Kites Hill Reserve, United Kingdom
Kites Hill, originally used as farmland, was donated to the World Land Trust by its owner as a ‘Living Legacy’ in order to ensure its protection forever, for the benefit of wildlife. Find out how the WLT continues to improve the site for wildife...
It is the intention of the WLT to create a haven for wildlife, and to encourage its return by recreating natural habitats, at Kites Hill. It is hoped that by providing information material, and creating a nature trail, Kites Hill will become a good example of "nature's classroom" which can be used as an education facility and demonstration project on the benefits of habitat management for conservation.
The ancient Beech woodland at Kites Hill has been designated a Site of Special Scientific Interest (SSSI) by Natural England. WLT’s work involves maintaining the woodland's health and structure and extending the woodland in two areas by planting native trees. Organic status of the pasture fields is also maintained.
WLT encourages the rehabilitation of butterflies, bats, owls and other species lost to the area, by providing suitable breeding and feeding sites throughout the reserve, including a wildlife pond, which was created in 2009. New interpretation panels along the Nature Trail will also provide a valuable resource for learning about conservation management.
Although the WLT does not require funds for land purchase in the UK, funds are needed for the continued management and improvement of the site for wildlife. If you would like to make a donation to Kites Hill:
- Specify "Kites Hill" in the comments box to earmark your donation for Kites Hill.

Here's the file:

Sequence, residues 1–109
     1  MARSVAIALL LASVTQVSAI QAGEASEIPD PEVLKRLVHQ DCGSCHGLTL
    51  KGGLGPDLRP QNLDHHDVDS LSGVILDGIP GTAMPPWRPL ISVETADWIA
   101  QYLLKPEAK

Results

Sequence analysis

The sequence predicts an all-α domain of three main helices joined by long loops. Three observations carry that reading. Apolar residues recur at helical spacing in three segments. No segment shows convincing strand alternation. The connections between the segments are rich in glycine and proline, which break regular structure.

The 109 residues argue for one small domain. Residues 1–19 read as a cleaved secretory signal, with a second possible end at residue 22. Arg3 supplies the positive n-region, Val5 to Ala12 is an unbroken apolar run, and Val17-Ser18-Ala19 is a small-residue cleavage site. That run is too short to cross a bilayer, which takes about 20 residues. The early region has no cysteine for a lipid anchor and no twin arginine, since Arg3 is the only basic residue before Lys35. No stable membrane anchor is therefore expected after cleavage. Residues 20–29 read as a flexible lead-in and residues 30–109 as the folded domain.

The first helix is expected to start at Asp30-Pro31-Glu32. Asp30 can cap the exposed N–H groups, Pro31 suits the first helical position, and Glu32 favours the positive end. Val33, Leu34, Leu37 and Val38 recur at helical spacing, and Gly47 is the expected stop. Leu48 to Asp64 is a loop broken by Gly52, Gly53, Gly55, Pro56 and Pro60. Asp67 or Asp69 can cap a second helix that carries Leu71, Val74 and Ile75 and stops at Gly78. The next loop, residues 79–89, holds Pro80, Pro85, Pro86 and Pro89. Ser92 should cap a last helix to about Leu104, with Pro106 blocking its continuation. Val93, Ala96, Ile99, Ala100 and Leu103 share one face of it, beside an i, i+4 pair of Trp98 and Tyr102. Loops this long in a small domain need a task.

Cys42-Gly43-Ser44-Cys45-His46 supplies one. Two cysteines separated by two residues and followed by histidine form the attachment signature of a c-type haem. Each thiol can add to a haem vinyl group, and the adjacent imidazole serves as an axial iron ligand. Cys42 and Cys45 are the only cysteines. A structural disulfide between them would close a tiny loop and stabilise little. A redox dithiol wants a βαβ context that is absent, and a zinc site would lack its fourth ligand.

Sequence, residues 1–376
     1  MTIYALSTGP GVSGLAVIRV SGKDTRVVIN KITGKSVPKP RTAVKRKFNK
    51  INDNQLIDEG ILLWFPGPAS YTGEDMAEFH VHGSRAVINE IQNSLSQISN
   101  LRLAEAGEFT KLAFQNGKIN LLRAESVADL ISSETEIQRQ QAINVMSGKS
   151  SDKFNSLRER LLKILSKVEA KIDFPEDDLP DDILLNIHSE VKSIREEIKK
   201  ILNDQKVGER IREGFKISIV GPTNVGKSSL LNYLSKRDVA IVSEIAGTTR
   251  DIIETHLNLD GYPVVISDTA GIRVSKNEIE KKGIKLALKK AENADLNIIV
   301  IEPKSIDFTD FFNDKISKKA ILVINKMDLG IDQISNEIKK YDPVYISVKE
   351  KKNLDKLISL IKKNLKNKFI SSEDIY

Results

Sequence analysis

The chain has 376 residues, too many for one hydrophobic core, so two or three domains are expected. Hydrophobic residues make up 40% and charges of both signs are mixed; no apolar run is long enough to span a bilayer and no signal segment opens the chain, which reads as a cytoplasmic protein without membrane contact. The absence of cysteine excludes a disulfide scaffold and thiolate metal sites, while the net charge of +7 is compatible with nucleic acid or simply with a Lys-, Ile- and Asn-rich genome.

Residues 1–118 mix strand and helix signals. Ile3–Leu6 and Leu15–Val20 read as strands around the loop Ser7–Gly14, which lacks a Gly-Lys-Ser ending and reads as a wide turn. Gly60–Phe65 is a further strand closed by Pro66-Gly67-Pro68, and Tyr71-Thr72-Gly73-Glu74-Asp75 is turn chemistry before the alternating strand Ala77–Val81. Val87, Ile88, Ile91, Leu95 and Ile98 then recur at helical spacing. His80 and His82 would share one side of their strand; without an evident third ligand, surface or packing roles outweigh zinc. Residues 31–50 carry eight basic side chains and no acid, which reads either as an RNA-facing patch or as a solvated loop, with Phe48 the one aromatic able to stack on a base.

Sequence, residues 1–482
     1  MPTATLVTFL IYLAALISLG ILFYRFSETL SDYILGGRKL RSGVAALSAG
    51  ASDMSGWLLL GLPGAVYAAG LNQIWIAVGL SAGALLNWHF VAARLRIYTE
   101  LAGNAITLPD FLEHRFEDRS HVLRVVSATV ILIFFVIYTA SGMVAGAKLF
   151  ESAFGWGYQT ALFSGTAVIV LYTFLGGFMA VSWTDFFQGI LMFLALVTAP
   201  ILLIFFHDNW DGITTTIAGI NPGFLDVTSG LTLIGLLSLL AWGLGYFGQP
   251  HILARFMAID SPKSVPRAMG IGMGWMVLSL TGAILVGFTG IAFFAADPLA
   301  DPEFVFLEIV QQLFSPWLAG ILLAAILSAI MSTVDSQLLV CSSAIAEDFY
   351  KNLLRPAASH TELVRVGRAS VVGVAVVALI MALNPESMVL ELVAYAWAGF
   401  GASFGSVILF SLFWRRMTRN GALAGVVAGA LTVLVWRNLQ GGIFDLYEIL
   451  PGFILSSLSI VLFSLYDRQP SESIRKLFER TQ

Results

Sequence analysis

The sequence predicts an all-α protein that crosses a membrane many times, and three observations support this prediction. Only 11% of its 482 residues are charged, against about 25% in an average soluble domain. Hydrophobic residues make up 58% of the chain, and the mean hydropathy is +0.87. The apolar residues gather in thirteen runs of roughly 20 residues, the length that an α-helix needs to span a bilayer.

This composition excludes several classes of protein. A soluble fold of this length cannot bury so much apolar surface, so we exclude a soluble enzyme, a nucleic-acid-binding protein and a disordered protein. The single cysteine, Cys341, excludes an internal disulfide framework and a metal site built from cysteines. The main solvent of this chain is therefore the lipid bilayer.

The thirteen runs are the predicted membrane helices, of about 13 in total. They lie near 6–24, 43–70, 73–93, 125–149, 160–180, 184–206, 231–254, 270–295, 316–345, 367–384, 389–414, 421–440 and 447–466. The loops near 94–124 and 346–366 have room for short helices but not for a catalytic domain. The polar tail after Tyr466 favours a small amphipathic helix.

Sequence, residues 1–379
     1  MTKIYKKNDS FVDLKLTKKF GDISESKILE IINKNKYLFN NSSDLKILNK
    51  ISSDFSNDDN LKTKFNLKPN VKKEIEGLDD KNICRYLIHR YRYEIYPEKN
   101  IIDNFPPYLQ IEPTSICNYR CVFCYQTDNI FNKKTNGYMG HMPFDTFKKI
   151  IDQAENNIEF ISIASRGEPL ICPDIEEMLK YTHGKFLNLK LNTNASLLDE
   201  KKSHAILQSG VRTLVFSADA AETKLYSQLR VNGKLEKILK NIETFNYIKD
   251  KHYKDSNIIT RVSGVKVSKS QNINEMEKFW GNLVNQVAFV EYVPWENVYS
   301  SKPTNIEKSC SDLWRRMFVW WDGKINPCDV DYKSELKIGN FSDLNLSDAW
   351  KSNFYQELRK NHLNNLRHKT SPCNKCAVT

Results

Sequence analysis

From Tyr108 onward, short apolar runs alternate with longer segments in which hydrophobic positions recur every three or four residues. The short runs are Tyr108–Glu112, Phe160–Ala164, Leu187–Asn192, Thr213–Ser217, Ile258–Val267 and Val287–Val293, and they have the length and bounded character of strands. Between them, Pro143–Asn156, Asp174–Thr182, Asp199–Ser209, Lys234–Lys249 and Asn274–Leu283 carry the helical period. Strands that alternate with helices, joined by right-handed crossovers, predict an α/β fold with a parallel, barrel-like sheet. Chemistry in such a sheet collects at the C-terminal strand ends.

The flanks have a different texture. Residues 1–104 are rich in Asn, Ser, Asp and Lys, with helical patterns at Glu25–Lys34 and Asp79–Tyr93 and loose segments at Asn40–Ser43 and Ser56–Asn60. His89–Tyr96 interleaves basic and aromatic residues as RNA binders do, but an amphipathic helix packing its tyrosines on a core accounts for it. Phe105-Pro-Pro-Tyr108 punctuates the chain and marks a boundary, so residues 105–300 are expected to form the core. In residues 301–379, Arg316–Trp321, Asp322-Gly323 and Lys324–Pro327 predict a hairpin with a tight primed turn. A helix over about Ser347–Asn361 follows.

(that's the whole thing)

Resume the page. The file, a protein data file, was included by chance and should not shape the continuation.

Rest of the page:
- If you would like to donate or bequeath land for conservation, please contact the CEO of the World Land Trust
Kites Hill is home to a variety of Britain's most loved species.
Marsh tit (Parus palustris), Song Thrush (Turdus philomelos) and Starling (Sturnus vulgaris) all RED listed by the RSPB, indicating their conservation importance. Kestrel (Falco tinnunculus), Stock dove (Columba oenas) and Wood Warbler (Phylloscopus sibilatrix) all listed as Amber.
Wood mouse (Apodemus sylvaticus), bank vole (Clethrionomys glareolus), Serotine bat (Eptesicus serotinus), Common Pipistrelle (Pipistrellus pipistrellus) and Soprano Pipistrelle bat (Pipistrellus pygmaeus) and badger (Meles meles).
Over 100 Species including; Beech (Fagus sylvatica), Hazel (Corylus avellana), Hawthorn (Crataegus monogyna), Common spotted orchid (Dactylorhiza fuchsii), Bluebell (Hyacinthoides non-scriptus), Oak (Quercu robur) and Pyramidal orchid (Anacamptis pyramidalis).
Total area saved by WLT: 40 acres (16ha)
Covering 40 acres (16 ha) of beautiful Cotswold countryside (designated an "Area of Outstanding Natural Beauty"), the reserve combines both grassland meadow and native woodland. To the north of the reserve is a stand of beech woodland, which connects to an adjacent reserve owned and managed by the National Trust. This beech woodland has been designated as a "Site of Special Scientific Interest" (SSSI) and was also included on Natural England's "Natura 2000" site list, as part of a "network of the most important nature conservation sites in Europe".
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